Here is a

new article in American Scientist:

The Statistical Crisis in Science

Data-dependent analysis—a “garden of forking paths”— explains why many statistically significant comparisons don't hold up.

Andrew Gelman, Eric Loken

There is a growing realization that reported “statistically significant” claims in scientific publications are routinely mistaken. **Researchers typically express the confidence in their data in terms of p-value: the probability that a perceived result is actually the result of random variation.** The value of p (for “probability”) is a way of measuring the extent to which a data set provides evidence against a so-called null hypothesis. By convention, a p-value below 0.05 is considered a meaningful refutation of the null hypothesis; however, such conclusions are less solid than they appear.

It is a good article, but the author admits:

Russ correctly noted that the above statement is completely wrong, on two counts:

1. To the extent the p-value measures “confidence” at all, it would be confidence in the null hypothesis, not confidence in the data.

2. In any case, the p-value is not not not not not “the probability that a perceived result is actually the result of random variation.” The p-value is the probability of seeing something at least as extreme as the data, if the model (in statistics jargon, the “null hypothesis”) were true. ...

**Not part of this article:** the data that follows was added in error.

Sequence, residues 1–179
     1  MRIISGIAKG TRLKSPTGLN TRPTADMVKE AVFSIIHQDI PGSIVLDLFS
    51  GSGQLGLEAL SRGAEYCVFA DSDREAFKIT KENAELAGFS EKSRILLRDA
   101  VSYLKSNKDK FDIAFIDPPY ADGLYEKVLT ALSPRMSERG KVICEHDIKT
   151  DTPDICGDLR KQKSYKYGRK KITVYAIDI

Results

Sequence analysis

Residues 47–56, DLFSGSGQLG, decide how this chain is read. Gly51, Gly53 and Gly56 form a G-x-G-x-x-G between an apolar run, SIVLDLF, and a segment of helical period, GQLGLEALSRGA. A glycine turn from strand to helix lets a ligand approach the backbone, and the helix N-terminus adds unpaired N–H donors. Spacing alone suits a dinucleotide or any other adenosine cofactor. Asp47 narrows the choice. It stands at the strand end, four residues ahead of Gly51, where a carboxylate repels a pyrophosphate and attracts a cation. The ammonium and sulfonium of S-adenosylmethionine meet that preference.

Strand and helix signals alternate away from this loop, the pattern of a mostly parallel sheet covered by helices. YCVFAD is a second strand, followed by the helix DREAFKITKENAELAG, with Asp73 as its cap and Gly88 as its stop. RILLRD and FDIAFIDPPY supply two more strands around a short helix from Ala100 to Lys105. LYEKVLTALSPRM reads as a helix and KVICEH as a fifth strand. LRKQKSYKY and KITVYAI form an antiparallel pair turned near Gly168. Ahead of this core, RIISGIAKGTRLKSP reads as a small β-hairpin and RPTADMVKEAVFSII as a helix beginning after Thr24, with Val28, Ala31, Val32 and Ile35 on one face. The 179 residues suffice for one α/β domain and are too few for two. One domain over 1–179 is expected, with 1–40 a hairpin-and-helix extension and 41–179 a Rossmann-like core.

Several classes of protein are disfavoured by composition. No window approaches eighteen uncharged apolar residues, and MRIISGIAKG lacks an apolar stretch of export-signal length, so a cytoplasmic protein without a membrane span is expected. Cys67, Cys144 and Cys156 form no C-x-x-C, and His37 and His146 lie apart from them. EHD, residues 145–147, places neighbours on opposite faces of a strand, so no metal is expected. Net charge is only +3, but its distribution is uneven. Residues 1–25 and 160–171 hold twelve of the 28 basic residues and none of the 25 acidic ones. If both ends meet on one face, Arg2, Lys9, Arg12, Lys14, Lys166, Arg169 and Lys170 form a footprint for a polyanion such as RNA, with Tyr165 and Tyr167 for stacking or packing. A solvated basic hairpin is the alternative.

Russ also points out that the examples in our paper all are pretty silly and not of great practical importance, and he wouldn’t want readers of our article to get the impression that “the garden of forking paths” is only an issue in silly studies.

I guess it is just an editing error. It is amazing that a major science magazine can hire expert statisticians to explain what is wrong with p-values, and get it wrong in the first paragraph.

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